Now here I am writing a blog about nothing. He would have loved it.


[1] Karen Armstrong, A History of God: The 4,000 Year Quest of Judaism, Christianity and Islam (Random House, 1993).

Transforming Power

A word that continues to challenge me this morning is “transformation.” My grandsons, no doubt, would think of Transformers—the alien robots who can disguise themselves as various kinds of machines. I don’t think that’s what I mean. As a child, I memorized the Bible verse, “Be not conformed to this world but be ye transformed by the renewing of your mind. “[1] I don’t think I knew what that meant.

Quakers speak of transformation in terms of “living a life rooted in the transforming experience of the Divine.” I can relate to that. Ben Pink Dandelion, in his book, Open for Transformation: the 2014 Swarthmore Lecture, says, “We are challenged to consider how we retain an authentic encounter with the Divine, how we become a transformed and transforming community.”[2] Ah, yes, now we’re on to something.

Yesterday in our Quaker Meeting Bible study we explored the story of Elijah’s encounter with Yahweh on Mount Horeb.[3] Elijah, fleeing for his life, heads to the wilderness where, depressed and exhausted, he falls asleep. He is awakened by an angel, who offers him bread and water to sustain him on his journey. After 40 days and 40 nights he reaches a cave on Mount Horeb. He hears a voice asking, “What are you doing here, Elijah?” He answers, “I have been very zealous for the Lord.” The Israelites, once again, have forsaken the covenant with God and have killed the prophets. Elijah feels that he is the only one left and now he is afraid for his life. As he stands in the cave, there is a great wind, but God was not in the wind. There is an earthquake, but God was not in the earthquake, and a fire, but God was not in the fire. After the fire there is a “still, small voice” asking him the same question, “What are you doing here, Elijah?” After he gives the same answer, God tells him to return to his community. It is clear that he is not alone and that he still has work to do.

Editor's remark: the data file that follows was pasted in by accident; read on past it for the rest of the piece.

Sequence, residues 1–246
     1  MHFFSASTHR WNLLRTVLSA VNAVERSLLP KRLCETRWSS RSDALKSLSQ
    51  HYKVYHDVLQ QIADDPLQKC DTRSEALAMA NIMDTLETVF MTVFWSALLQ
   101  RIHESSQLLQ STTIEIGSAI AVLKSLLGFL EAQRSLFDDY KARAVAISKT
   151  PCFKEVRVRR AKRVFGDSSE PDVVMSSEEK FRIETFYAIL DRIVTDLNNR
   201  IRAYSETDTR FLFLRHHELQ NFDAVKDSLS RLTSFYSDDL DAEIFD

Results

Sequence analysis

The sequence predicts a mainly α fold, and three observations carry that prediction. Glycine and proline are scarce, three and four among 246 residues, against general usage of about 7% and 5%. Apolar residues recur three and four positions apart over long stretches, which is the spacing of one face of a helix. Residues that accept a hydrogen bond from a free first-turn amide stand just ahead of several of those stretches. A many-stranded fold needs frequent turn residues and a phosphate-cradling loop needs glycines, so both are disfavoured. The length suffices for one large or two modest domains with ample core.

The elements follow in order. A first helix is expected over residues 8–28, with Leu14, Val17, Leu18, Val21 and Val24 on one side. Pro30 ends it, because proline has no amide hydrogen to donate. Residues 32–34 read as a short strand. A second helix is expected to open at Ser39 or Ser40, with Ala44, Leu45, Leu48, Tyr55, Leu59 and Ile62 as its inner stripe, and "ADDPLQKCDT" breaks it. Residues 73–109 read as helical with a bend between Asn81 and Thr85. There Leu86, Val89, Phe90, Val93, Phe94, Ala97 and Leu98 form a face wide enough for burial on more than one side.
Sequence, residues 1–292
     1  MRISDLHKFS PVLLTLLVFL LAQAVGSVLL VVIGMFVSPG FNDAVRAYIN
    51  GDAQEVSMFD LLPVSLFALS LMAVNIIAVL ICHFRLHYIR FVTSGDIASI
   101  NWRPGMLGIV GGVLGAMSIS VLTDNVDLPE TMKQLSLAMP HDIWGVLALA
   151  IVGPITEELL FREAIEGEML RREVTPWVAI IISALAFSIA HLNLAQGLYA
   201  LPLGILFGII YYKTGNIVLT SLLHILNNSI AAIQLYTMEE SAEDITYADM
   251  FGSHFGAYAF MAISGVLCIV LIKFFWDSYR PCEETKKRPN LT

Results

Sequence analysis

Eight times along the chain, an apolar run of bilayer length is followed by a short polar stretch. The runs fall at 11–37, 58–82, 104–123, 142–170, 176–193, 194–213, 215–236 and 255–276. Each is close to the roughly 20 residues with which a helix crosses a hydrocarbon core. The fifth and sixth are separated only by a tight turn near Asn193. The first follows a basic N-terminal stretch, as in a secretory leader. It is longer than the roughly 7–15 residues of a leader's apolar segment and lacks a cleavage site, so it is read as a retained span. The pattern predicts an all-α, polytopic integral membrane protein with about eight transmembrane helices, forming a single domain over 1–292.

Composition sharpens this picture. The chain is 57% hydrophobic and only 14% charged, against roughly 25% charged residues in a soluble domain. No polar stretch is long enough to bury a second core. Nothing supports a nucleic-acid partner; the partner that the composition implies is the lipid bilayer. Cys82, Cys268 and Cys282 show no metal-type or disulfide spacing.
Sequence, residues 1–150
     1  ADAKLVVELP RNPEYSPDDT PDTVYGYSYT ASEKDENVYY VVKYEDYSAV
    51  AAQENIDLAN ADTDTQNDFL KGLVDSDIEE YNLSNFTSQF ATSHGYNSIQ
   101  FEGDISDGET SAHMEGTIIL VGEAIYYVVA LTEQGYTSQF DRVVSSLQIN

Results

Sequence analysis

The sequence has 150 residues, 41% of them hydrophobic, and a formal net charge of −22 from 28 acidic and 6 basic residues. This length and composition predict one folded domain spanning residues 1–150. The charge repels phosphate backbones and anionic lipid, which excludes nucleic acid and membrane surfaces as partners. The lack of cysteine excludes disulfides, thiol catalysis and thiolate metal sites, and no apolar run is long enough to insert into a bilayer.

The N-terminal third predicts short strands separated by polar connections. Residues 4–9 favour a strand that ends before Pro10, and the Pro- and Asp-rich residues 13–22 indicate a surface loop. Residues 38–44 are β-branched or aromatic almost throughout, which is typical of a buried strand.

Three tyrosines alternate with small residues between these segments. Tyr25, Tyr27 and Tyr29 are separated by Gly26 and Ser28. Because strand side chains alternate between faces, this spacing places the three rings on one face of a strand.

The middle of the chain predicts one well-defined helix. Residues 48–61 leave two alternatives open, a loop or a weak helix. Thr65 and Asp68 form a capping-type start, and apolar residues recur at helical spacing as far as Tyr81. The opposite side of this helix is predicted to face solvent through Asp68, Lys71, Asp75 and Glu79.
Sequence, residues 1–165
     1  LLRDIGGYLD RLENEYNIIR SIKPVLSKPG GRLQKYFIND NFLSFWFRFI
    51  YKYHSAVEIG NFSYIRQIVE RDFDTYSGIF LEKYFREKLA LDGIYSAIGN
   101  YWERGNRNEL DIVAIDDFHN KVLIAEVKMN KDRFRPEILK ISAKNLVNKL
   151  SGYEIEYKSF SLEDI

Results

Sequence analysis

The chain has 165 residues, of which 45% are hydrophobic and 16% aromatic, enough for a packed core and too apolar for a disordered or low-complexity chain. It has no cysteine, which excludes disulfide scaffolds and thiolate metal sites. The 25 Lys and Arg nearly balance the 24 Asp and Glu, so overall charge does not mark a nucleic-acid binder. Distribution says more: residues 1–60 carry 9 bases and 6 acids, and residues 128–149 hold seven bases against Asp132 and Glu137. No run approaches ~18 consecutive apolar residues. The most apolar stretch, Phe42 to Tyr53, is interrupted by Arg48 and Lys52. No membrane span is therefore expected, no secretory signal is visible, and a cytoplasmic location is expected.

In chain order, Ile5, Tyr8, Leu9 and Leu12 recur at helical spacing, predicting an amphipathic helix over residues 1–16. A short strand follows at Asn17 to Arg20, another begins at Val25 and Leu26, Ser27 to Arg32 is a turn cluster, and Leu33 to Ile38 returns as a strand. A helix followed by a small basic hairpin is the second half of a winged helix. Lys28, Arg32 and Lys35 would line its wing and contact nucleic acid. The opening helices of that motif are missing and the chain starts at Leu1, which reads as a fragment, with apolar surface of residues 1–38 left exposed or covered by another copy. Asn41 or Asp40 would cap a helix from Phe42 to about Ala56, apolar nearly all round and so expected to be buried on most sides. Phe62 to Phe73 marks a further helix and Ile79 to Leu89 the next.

I’ve always heard this story as a cautionary tale to help us listen through the noise and drama of wind, earthquakes, and fire, to hear the still, small voice of the Divine. But what happens to Elijah when he does listen? How is he changed?

In a powerful message to the World Conference of Friends in Kenya, Noah Baker Merrill told this story of Elijah and then asked, “Friends, what does it take in our lives, when we’re running fast toward what seems like so much good work, for us to remember to stop and wait, to stay deeply connected to our Guide? Where have we gone beyond what God asks of us, and continued in our own striving and pride?”

So transformation is not something we DO, either to ourselves or to the world. Like Elijah, we may be zealous in working for change, but do we take time to listen for the still, small voice and allow ourselves to be transformed?
[1] Romans 12:2

[2] Published by Britain Yearly Meeting 2014.

[3] 1Kings 19:4-15

All Souls Day/Dia de Los Muertos

All Souls Day/Dia de Los Muertos Nov 2, 2015